Toughing It Out

Alums Shawn Morelli and Jake Schrom rose to the occasion at the Tokyo Paralympics.

Shawn Morelli

The conditions in Tokyo couldn’t have been much worse for cycling. When Shawn Morelli suited up for the time trial, the temperature peaked at 93 degrees—with 85% humidity. The day of the road race, it was a much more agreeable 65 degrees—with hail and driving rain. “I got overheated in the time trial, and then I knew the road race was going to be difficult when I woke up to a monsoon,” Morelli ’98 Behrend says. “I typically won’t roll out of my garage if it’s raining.”

Of course, she’s seen worse. Morelli was serving in the U.S. Army in Afghanistan in 2007 when a roadside bomb blast left her with neck and nerve damage, and blind in her left eye. A member of the women’s soccer team at Behrend, she was always competitive, but she initially started cycling only as part of her post-injury rehab. But she found she liked it, quickly realized she was good at it, and in 2010 she started racing competitively.

Paralympic games logo


Jake Schrom

A two-time gold medalist at Rio 2016, Morelli proved once again in Tokyo that she’s one of the best in the world. She won her second straight gold in the time trial and took silver in individual pursuit, a 3,000-meter track event, while finishing ninth in the monsoon-battered road race. Adding those to her haul of 16 world championship medals—including 12 golds—since 2014, she came home content. “I pretty much did what I expected,” she says. “I figured there weren’t many people who were going to be faster than me.”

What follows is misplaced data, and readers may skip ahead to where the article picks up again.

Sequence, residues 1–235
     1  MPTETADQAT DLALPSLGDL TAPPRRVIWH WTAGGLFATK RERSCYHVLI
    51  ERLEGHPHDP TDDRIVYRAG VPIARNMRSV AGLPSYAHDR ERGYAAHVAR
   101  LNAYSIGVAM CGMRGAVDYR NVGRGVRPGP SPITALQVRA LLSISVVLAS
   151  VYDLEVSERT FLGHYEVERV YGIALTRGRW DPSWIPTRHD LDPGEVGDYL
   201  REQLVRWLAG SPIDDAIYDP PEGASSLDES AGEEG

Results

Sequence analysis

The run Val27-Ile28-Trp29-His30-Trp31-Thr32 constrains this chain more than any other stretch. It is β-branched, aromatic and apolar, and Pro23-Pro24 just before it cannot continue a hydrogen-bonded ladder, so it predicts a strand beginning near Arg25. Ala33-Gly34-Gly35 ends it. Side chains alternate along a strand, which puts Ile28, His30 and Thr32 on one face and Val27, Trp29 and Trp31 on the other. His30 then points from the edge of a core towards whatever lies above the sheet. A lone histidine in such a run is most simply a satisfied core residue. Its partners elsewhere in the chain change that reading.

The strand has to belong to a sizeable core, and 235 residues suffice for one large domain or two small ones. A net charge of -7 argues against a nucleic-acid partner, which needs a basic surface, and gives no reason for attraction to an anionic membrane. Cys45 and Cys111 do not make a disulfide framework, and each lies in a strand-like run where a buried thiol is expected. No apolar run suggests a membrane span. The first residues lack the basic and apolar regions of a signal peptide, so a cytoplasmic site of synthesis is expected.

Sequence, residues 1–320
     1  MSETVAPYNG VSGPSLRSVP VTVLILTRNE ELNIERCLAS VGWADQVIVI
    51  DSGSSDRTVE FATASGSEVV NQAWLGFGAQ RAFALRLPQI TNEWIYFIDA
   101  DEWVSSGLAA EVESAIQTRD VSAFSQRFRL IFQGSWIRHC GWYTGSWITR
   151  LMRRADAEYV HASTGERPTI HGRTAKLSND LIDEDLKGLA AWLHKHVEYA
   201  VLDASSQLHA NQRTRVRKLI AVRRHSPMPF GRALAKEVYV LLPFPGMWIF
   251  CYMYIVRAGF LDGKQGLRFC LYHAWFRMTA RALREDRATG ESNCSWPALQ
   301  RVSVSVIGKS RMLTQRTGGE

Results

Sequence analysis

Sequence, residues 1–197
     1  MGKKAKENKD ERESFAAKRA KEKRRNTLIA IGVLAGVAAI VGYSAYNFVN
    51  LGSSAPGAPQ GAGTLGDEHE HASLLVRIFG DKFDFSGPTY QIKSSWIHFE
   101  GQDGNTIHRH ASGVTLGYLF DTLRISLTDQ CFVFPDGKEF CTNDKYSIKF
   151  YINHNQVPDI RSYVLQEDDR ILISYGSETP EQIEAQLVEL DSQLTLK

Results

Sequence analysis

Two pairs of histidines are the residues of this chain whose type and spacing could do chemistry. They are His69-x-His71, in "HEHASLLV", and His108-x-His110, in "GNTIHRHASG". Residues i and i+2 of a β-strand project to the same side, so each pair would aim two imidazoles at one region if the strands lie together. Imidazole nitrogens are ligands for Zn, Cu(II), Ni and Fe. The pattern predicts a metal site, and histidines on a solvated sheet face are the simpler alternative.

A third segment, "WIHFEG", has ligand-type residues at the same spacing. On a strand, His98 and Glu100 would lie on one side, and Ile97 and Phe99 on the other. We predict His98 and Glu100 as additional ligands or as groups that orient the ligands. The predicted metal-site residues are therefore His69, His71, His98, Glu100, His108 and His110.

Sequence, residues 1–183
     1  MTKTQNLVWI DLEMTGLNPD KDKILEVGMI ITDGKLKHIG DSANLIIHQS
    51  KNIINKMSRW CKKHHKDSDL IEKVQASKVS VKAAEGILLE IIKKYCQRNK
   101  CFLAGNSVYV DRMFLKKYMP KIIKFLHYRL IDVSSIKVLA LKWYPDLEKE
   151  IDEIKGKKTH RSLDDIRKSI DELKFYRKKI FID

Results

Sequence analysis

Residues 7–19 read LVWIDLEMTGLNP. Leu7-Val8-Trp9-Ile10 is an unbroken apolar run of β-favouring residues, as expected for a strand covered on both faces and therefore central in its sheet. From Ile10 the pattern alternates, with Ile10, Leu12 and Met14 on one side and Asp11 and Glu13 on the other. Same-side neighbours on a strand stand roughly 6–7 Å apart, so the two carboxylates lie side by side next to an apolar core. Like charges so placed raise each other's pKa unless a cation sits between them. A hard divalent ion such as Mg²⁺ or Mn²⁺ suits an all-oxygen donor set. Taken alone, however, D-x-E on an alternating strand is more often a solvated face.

Jake Schrom set his expectations on a top-six finish, and he met them. Schrom ’11 Agr, who lost his right leg in a car accident when he was a Penn State junior, made his Paralympic debut in Tokyo and finished sixth in the 107kg powerlifting event. His top lift of 218kg was a personal best. “There were a lot of big dogs in my weight class,” he said after the competition, “so to meet my goal there, I feel really good.”